1. ## negations

Negate this sentence: If n is prime, then n is odd or n is 2.

I know the purpose is to just to negate the sentence no matter what.

The negation solution is: n is a prime and n is even and n is not 2.

So in discrete math, it doesn't matter if this is really true or not? its just an example???

i don't think its possible to have n be prime, and alos be even at the same time, if its not 2.

thanks for help with this.

2. Hello, rcmango!

Negate this sentence: . $\text{ If }n\text{ is prime, then }n\text{ is odd or }n\text{ is 2.}$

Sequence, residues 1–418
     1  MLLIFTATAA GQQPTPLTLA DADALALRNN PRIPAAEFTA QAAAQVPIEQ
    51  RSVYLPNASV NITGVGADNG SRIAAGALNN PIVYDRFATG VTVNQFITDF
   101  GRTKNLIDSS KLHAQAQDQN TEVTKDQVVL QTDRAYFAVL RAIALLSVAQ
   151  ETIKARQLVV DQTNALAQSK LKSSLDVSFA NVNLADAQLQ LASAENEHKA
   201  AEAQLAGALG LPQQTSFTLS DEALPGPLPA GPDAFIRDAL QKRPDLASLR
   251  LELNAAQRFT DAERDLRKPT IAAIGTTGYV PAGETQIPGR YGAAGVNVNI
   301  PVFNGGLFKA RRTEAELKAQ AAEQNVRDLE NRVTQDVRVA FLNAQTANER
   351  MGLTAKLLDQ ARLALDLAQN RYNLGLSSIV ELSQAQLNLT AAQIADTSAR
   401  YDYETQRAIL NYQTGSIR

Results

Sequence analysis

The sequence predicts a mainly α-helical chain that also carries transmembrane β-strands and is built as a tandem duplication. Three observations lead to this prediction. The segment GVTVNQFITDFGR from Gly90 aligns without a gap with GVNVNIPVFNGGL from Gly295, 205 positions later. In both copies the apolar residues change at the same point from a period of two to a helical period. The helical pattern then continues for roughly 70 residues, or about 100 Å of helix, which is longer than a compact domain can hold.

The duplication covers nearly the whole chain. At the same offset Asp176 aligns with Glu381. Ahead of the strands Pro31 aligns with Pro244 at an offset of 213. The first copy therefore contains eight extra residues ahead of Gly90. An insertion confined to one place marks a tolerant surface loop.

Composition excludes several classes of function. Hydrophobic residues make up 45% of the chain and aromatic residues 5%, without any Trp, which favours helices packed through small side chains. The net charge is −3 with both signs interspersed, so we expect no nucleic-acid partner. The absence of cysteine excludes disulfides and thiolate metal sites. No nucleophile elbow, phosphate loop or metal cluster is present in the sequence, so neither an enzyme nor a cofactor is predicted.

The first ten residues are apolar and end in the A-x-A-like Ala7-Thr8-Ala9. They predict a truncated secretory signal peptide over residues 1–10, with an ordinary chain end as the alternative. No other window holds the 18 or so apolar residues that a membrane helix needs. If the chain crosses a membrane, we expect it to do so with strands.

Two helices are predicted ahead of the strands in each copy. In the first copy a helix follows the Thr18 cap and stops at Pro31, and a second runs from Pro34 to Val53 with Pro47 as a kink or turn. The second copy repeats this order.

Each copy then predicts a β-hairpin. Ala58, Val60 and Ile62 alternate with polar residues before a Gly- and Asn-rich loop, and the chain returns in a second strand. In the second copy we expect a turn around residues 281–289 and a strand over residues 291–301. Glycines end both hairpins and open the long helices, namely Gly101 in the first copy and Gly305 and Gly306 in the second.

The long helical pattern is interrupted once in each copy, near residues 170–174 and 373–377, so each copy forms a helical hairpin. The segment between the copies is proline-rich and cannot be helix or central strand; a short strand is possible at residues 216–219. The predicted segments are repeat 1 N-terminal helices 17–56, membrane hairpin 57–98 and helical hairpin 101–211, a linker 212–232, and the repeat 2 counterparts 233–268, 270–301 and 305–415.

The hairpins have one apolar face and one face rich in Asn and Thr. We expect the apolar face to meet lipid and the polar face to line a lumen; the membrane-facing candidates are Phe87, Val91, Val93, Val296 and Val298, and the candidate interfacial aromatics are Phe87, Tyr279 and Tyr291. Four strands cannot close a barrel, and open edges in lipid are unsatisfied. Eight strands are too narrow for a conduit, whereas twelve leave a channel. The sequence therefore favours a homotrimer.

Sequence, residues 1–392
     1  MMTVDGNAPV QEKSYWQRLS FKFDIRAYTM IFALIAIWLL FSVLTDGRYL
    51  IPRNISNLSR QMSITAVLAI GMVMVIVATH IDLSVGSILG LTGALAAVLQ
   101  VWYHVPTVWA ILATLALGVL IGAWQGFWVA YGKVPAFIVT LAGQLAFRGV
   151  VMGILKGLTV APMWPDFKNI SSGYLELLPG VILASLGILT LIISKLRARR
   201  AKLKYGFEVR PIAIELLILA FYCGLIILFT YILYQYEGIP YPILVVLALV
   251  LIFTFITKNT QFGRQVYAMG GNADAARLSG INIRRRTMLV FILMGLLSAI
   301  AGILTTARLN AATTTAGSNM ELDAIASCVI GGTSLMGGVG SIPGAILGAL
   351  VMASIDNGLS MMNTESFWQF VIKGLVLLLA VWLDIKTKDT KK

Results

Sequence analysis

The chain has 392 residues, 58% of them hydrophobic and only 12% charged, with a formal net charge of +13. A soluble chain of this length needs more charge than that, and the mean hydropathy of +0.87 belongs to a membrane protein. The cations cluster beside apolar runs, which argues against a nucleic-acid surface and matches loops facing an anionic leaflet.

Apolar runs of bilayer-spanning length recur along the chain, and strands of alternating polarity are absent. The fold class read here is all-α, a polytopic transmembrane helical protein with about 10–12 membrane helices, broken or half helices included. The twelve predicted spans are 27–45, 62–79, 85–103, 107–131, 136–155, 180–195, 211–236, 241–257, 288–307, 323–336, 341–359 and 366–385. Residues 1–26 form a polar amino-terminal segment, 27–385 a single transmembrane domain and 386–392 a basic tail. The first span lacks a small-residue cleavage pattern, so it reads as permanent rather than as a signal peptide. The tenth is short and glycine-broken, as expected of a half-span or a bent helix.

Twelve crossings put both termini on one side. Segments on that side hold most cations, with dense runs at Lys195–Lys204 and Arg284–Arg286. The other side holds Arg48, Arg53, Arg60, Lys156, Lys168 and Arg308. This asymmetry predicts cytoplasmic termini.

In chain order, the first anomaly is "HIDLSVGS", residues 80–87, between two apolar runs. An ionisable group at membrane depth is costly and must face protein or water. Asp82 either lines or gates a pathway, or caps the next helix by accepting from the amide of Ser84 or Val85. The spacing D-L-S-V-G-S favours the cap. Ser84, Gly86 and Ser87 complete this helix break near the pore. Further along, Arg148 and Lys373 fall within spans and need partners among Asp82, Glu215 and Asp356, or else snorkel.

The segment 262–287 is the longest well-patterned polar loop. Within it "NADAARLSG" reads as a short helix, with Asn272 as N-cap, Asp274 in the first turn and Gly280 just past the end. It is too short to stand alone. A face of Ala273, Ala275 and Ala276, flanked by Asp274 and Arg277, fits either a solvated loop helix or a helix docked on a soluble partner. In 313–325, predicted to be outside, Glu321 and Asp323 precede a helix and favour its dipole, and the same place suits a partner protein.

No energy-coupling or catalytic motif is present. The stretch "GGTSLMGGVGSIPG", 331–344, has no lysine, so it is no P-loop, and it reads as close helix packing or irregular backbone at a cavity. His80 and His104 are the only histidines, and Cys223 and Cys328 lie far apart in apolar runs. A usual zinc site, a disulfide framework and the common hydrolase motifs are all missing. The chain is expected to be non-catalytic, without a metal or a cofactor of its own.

We have: . $(n\text{ prime}) \rightarrow \bigg[(n\text{ odd}) \vee (n = 2)\bigg]$

which is equivalent to: . $\sim\!(n\text{ prime})\; \vee\: (n\text{ odd}) \:\vee\: (n=2)$

The negation is: . $\sim\bigg[\sim\!(n\text{ prime}) \:\vee \n\text{ odd}) \:\vee \n=2)\bigg] " alt="\sim\bigg[\sim\!(n\text{ prime}) \:\vee \n\text{ odd}) \:\vee \n=2)\bigg] " />

. . . . . . . . . . $\Longleftrightarrow\;\;(n\text{ prime)}\; \:\wedge \:\sim\!(n\text{ odd}) \;\wedge \:\sim\!(n = 2)$

. . . . . . . . . . $\Longleftrightarrow\;\;(n\text{ prime})\;\wedge \;(n\text{ even}) \;\wedge\;(n \neq 2)$